How to Shoot a Cup of Coffee

How to Shoot a Cup of Coffee

It is not always possible to make a high-quality photo from the first time. 

Our tips will help you make a photo that will excite people to drink coffee. 

How to Shoot a Cup of Coffee

Coffee Photography Tips 

To make a good photo of coffee, you need to make a really good coffee. The photo will be a very noticeable difference between good and cheap coffee.

In order to get an excellent photo of a coffee mug, you will need to combine many years of experience with food photographers and a little knowledge of the technique of shooting. As a result, you can make not just a beautiful picture, but a photo that will be able to make you want to be in the captured scene, to feel the aroma and taste of the photographed drink. The key to success, in this case, is the selection of the necessary parts of the photograph and appeal to human feelings and emotions. 

Think about it: every time when you look at the image of coffee, tea or hot chocolate, you most likely have a desire to try it. A good photo gives you pleasant memories, and sometimes even taste sensations. That is the result we will strive for. Let's see what can help us in this. 

Use high contrast 

To get a better photo and focus the viewer's attention on the image of coffee, we recommend that you use high contrast. Of course, to a greater extent, this refers to the post-processing stage of the photo, but we decided to start from that moment to explain why high-contrast images are best suited for our task. 

When contrast is increased in a photograph, the differences between light and dark areas become pronounced. The human eye, as a rule, is inclined to start studying the image from dark areas, gradually filtering them out. As a result, the viewer's gaze usually slides from dark areas to light ones. 

The trick is to achieve a sufficient contrast image, in which the coffee is obtained with rich dark tones, but the details of its image should not be lost. 

To do this, you may need to slightly enhance the shadows or black levels.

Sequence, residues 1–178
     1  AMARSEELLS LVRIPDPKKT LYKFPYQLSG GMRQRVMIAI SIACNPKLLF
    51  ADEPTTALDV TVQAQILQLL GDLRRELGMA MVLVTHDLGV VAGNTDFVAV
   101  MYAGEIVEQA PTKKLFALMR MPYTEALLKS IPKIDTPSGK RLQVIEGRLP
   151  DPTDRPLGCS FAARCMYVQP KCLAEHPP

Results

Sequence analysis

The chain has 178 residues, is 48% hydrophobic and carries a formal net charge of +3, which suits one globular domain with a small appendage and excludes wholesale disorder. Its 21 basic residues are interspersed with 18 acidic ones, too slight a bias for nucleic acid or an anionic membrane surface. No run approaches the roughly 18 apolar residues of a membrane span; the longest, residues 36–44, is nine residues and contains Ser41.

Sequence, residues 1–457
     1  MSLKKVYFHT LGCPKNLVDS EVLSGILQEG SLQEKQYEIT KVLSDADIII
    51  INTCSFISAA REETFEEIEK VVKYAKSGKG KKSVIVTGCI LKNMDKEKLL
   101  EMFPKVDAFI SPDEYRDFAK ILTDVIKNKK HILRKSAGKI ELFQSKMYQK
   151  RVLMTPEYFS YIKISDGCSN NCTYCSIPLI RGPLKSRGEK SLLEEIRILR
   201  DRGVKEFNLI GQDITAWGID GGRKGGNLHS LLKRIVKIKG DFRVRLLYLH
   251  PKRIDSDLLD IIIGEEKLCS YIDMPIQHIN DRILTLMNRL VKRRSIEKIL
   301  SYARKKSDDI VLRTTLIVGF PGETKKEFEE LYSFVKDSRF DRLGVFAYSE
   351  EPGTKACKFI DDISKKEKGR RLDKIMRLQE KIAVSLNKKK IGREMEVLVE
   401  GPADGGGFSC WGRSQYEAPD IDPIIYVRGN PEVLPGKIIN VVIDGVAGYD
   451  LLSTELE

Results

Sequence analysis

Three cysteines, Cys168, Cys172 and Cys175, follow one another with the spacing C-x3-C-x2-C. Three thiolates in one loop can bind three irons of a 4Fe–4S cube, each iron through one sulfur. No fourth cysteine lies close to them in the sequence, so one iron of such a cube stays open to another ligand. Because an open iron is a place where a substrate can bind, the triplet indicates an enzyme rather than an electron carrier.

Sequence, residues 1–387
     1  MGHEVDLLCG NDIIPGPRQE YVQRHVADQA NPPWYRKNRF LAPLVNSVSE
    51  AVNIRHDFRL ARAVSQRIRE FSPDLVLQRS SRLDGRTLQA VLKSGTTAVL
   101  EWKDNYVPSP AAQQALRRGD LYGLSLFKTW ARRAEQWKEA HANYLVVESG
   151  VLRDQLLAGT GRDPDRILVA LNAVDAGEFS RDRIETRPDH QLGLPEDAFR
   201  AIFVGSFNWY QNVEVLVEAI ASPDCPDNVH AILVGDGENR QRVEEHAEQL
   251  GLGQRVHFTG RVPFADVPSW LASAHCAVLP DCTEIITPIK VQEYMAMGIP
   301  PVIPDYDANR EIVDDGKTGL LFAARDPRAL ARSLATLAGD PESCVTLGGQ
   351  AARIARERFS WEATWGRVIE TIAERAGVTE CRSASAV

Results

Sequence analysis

Overexpose the photo (or measure the exposure in the shadows) 

To get started, try overexposing the photo in order to get the details in the shadows. 

The brighter the image, the more detail you can get. Try overexposing a photo by about 1 stop. You can get the overexposed image in any of the basic ways available: directly in the camera or at the post-processing stage (you are shooting in RAW, right?). 

This stage is closely related to what we said at the very beginning: the importance of emphasizing the right parts of the image. After all, this emphasis is based not only on the construction of the composition but also on the selection of key colors. You can intentionally make some colors more saturated in order to grab the audience by the hand and draw it to the photo, figuratively speaking. 

Use a large light source

The trick used by food photographers for many years is to use a lot of soft light. Many of them seek to recreate the lighting from the window, with which you can meet at the table of your favorite cafe or even in the kitchen at home. Such lighting appeals to the feelings of the viewer and gives him memories of comfort and pleasure, familiar surroundings. 

To achieve such coverage in many ways. The simplest and most obvious is to use natural light from the window available to you. 

However, in many cases, the window will not be able to give you enough light. Using an external flash can solve this problem. Direct the flash towards the window - best of all, if it is a window with blinds because they improve the reflection of light. By doing this, you can get closer to getting the scene lit up like most people would see it at home or in a cafe. 

Use bokeh 

Although using bokeh for the photo we want to get is optional, we believe that using it can be a good creative tool when photographing coffee. 

While everyone just likes to enjoy photos with a shallow depth of field, you can use bokeh to gently tell the viewer which part of the photo he should focus on. 

As soon as you combine the awareness of this fact with the beauty of the picture that your lens can draw on the open aperture, you will take a big step towards creating a photograph that is most attractive to the viewer. 

Shoot with a natural perspective 

All tips should be used in combination with the understanding that using a natural perspective (that is, a perspective that is characteristic of the human eye) will provide optimal results. 

In terms of focal lengths, 35 mm (for a full-frame) is most appropriate. 

Do not forget about the corners, under which we usually look at our cup of coffee, tea or hot chocolate. In everyday life, people most often look at a cup either from above or at a slight angle. 

Of course, all these nuances are subjective, but you must carefully consider them before taking a photo.

Last updated:9/7/2019 12:24:31 AM


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